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25 killed in Afghanistan protest, car bombing

Twelve die in a clash between security forces and demonstrators angry about a NATO raid. Elsewhere, an explosives-laden car is rammed into a bus carrying police recruits, claiming at least 13 lives.

May 19, 2011|By Laura King, Los Angeles Times
  • An Afghan girl whose family members were said to have been killed in an overnight raid by NATO and Afghan forces, covers her face as she weeps during a protest in Taloqan in which 12 demonstrators were killed.
An Afghan girl whose family members were said to have been killed in an overnight… (Wahdat, Reuters )

Reporting from Kabul, Afghanistan — Furious anti-American protesters poured into the streets of a city in northern Afghanistan on Wednesday, shouting out objections to an overnight U.S.-led military raid that killed four people, including two women. Subsequent clashes with security forces trying to quell the demonstration killed 12 people, provincial officials said.

Afghan President Hamid Karzai issued a strongly worded statement condemning the raid on the outskirts of Taloqan, the capital of Takhar province, and dismissing NATO's contention that the four people killed in it were armed insurgents.

Elsewhere in the country, a suicide bomber rammed an explosives-laden car into a bus full of police recruits near the city of Jalalabad, killing at least 13 people and injuring 20 others. The dead and injured were a mix of civilians and the recruits, the Nangarhar province governor's office said.

The Taloqan raid and its explosive aftermath pointed up the striking degree of discord between the North Atlantic Treaty Organization and ordinary Afghans over nighttime operations aimed at capturing or killing insurgent figures.

Many people here are skeptical of Western military claims that the targets are carefully vetted, and believe in any case that such home invasions carry too great a risk of harming or killing innocent people in the confusion of nighttime.

They particularly fear that U.S. forces, flush with success over the raid that killed Osama bin Laden in Pakistan this month, will increasingly rely on the tactic of swooping down in darkness on residential compounds.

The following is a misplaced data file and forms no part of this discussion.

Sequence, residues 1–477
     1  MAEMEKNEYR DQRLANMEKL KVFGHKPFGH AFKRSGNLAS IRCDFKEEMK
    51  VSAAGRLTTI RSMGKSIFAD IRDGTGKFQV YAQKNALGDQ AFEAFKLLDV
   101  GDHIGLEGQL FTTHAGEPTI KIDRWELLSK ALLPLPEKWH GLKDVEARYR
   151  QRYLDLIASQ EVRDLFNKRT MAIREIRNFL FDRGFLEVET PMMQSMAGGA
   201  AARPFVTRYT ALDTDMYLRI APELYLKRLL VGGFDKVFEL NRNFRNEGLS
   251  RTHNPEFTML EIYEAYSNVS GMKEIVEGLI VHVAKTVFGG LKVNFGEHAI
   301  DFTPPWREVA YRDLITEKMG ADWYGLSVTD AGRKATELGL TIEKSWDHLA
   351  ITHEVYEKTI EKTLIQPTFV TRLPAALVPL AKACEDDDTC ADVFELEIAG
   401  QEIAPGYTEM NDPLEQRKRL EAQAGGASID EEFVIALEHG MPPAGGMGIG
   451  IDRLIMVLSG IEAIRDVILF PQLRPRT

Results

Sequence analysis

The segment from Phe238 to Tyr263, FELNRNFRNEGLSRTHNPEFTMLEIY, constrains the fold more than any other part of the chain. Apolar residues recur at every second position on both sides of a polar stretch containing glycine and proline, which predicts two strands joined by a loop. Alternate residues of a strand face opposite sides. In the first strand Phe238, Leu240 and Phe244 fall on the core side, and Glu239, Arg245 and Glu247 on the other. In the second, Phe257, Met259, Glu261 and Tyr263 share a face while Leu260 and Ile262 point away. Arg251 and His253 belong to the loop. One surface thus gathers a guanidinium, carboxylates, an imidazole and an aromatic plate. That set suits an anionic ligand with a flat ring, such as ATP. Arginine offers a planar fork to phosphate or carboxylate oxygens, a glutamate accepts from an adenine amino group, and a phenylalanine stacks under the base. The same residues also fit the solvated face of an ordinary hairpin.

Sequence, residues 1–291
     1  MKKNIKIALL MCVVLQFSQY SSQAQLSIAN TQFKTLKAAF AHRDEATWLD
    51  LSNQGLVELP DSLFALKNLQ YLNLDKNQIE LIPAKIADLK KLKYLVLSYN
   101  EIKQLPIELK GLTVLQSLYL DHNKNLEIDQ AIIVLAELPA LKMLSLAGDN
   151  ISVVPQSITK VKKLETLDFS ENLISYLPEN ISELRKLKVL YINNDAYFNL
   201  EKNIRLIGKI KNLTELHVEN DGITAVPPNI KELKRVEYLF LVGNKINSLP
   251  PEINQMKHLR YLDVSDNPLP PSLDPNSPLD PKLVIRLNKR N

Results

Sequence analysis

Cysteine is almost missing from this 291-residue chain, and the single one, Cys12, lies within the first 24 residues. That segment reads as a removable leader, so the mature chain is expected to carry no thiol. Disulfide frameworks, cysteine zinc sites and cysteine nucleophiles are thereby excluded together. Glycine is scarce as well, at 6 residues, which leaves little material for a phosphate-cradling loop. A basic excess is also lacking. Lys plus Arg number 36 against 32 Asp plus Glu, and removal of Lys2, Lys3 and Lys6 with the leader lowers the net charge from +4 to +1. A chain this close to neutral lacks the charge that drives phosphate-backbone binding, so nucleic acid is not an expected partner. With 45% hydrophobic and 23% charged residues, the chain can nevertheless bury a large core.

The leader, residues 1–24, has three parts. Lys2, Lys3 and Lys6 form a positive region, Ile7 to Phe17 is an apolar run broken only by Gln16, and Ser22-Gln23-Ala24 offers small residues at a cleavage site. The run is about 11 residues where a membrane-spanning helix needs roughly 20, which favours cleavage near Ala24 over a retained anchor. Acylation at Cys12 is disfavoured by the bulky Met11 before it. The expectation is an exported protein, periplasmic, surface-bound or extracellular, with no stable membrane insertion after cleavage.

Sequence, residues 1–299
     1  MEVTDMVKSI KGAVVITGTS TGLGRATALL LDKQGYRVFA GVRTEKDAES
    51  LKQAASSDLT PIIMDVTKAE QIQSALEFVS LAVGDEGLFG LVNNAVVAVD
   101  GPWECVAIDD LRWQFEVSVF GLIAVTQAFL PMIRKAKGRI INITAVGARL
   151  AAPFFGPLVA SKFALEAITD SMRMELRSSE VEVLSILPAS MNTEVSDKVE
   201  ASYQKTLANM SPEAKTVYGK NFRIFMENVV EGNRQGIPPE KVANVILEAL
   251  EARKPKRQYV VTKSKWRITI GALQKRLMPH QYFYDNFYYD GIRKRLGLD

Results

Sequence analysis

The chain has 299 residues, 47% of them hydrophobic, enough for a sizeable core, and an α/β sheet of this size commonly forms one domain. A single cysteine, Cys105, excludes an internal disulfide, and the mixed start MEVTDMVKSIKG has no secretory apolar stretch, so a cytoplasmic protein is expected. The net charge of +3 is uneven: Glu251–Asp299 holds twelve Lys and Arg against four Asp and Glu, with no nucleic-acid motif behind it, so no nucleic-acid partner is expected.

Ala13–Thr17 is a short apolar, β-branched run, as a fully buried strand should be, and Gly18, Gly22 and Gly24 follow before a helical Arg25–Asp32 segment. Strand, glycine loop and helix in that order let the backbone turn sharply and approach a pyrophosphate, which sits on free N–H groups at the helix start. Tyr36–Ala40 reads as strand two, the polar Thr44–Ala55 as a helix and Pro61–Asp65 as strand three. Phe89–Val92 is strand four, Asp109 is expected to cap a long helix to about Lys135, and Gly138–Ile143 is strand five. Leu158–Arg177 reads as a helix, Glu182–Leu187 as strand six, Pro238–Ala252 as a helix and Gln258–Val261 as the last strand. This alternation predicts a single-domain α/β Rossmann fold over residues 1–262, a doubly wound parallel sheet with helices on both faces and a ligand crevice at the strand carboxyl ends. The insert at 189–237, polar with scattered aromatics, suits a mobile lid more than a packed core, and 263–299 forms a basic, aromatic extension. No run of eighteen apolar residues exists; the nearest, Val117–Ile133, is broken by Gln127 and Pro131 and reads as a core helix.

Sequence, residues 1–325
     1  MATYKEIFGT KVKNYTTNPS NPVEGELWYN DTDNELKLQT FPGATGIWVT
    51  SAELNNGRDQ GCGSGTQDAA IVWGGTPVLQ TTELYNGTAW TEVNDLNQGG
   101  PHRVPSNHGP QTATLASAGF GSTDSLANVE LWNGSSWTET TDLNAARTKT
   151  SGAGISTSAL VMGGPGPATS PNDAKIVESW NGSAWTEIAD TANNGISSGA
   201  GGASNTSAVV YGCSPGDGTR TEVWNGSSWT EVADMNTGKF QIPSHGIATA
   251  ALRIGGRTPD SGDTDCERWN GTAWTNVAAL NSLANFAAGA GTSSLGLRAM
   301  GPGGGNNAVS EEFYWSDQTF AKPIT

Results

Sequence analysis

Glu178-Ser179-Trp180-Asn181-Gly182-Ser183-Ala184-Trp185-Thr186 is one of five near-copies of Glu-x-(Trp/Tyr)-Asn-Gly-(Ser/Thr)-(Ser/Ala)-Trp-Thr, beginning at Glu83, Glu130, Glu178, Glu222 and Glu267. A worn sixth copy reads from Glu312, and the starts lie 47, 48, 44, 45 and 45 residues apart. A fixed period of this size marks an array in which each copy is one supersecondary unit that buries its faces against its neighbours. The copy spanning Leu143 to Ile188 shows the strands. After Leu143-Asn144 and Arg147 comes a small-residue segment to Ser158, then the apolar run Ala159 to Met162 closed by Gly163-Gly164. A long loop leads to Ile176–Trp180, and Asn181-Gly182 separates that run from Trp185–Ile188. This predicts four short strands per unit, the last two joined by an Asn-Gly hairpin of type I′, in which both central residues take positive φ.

This marked the third instance this month of a nighttime raid that NATO was forced either to apologize for or to pledge to investigate. A spokesman for the coalition said the circumstances of the strike in Taloqan were being examined, but the Western military stood by its assertion that those killed were combatants.

Within hours of the overnight raid, as many as 1,500 protesters poured into the streets, clashing with Afghan police and trying to overrun a NATO outpost manned by German troops. About 50 people were hurt in the unrest, provincial officials said.

It was not immediately clear whether the protests were spontaneous or orchestrated. Although such demonstrations are often instigated by anti-American religious or community leaders, they do tap into a deep and genuine resentment of the presence of foreign forces.

In what has become a common pattern in such incidents, local officials claimed they were unaware of the planned raid, while NATO said the governor's office was told ahead of time of the coalition's intentions.

"NATO's reasons for conducting this operation were not persuasive for me," said Abdul Jabar Taqwa, the Takhar governor. He added that "we have not been informed about the operation" beforehand.

NATO said in a statement that the two women killed had brandished weapons, a statement that many protesters said they flatly disbelieved.

Although women are occasionally recruited as suicide bombers because of their ability to approach sensitive military and government buildings clad in all-covering burkas, there are very few documented instances of adult females — normally kept secluded in conservative tribal areas — fighting alongside male insurgents.

Western military officials said the intended target of the raid was a figure in the Islamic Movement of Uzbekistan, an insurgent group that has been making increasing inroads in the once-quiet north.

Karzai's statement included "heartfelt condolences" to the families of those killed and demanded "clarification" from NATO's International Security Assistance Force. The president also noted that in the past he had called repeatedly on NATO to refrain from nighttime strikes, and insisted that any raids on residential compounds should involve only Afghan forces.

Even so, many of the protesters vented anger at their president as well as the Western military, shouting anti-Karzai slogans along with anti-American ones.

The clash comes amid a surge in violence that usually accompanies the advent of warmer weather and the start of the "fighting season." NATO said a service member died Wednesday as a result of an insurgent attack in southern Afghanistan but gave no further details, including nationality. Two days earlier, four Americans were killed by a roadside bomb in the south.

laura.king@latimes.com

Special correspondent Aimal Yaqubi contributed to this report.

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